Davies also meticulously explains procedures to his patients – who can be referred from GPs, optometrists, or ophthalmologists – to manage their expectations, gain their consent, and document their discussion.
“On a piece of paper with diagrams of the eyelid, tear duct and orbit, labelled with the patient’s name and date, I go through the medical issues, such as loose skin or fat bulging. I draw to demonstrate the problem and how I repair it, and describe and list day-surgery, post-op care, painkillers, and complications. The patient keeps this after we make a copy. Patients seem to appreciate having it all explained,” Davies says.
“Then it’s up to them to decide.”
Like Davies, Dr Thomas Hardy graduated from the University of Melbourne and trained as an ophthalmologist at RVEEH, before undertaking five years of post-graduate fellowship training in eyelid, orbital and lacrimal surgery in the UK.
“When I was doing my ophthalmology training, I assisted Dr Alan McNab [an ANZSOPS past president] with private surgery, and I enjoyed seeing what he did, and the variety of procedures.”
Hardy says his overseas training made him certain of pursuing this surgically oriented sub-speciality. He is now one of five ophthalmologists – alongside McNab – at Eye Surgery Consultants in East Melbourne and is the oculoplastics consultant for the ophthalmology department at the Royal Children’s Hospital in Melbourne.
He recently performed surgery at the Royal Children’s Hospital on a patient with a very extensive tumour of the skull base invading the eye socket, which he described as a very rare case, whose treatment involved a multidisciplinary team. The patient’s prognosis was yet to be determined at the time of writing.
Hardy enjoys the multidisciplinary nature of oculoplastic surgery.
“There is a lot of crossover with other specialties, including brain surgery, sinus surgery (ear, nose and throat), plastic surgery, and overlap with vascular and interventional radiology,” he explains.
“There is an overlap between the fields of plastic surgery and oculoplastic surgery, with plastic surgeons also performing blepharoplasty, and reconstruction of fractures of the orbit, or eye socket. But there are some areas they won’t delve into, such as watery eyes and tear duct surgery,” he says.
Hardy completed his training in the UK between 2001 and 2005, and says the surgical techniques are generally well-established, and remain predominantly the same today as they did during his training.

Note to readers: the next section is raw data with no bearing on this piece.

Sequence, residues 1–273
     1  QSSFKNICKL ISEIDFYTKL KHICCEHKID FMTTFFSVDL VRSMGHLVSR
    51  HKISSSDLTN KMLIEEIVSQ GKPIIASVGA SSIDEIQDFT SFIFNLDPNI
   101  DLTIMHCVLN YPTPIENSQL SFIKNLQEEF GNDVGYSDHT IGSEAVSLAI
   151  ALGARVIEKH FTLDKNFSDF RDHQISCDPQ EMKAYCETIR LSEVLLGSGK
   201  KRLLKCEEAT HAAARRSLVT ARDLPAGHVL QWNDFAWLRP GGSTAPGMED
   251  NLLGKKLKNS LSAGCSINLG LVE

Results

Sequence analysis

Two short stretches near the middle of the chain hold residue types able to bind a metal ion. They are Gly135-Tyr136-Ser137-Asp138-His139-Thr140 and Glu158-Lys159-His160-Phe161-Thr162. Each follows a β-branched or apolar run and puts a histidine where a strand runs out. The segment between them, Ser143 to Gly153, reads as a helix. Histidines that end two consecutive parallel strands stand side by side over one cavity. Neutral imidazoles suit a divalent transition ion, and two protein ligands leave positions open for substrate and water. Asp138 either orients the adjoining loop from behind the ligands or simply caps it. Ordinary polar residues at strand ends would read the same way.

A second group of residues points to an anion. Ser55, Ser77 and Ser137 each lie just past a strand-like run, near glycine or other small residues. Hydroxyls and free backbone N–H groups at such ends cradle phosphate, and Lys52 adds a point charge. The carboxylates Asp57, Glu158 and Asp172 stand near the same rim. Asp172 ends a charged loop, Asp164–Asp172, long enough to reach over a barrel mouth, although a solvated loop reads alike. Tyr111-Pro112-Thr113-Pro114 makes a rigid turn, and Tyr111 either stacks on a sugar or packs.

“We use various techniques from our toolbox when performing blepharoplasty which involves a combination of removing skin, removing muscle, removing orbital fat, repositioning orbital fat, and reforming skin creases to be more stable and better defined. Some surgeons inject fillers to fill a space, and Botox, which is a chemical neurotoxin, may be used in modifying the periocular region,” Hardy says.
ANZSOPS immediate past president Dr Charles Su is a consultant at the RVEEH and in private consulting rooms in East Melbourne, but he also sees patients at Box Hill Eye Surgeons, and Springvale Eye Clinic.
Having rotated through the oculoplastic unit at RVEEH as part of his ophthalmology training, he found it appealing and subsequently completed fellowships at the Royal Brisbane and Women’s Hospital and the University of Michigan (USA).
“My slightly more favoured area in oculoplastic surgery is the lacrimal system, and DCR surgery,” he says.
Dacryocystorhinostomy (DCR) surgery is a procedure that aims to eliminate fluid and mucus retention within the lacrimal sac, and to increase tear drainage for relief of epiphora (watery eyes).
“As the term implies, DCR is made up of three parts: Dacryo (tear), cysto (sac), and rhinostomy (nose). When a patient’s tear drainage is blocked in the lacrimal system, they have watery eyes, which can be debilitating as it can affect driving, and reading,” Su says.
“Repairing tear drainage is ‘bread and butter’ in our profession, and the technique has not changed in recent years.”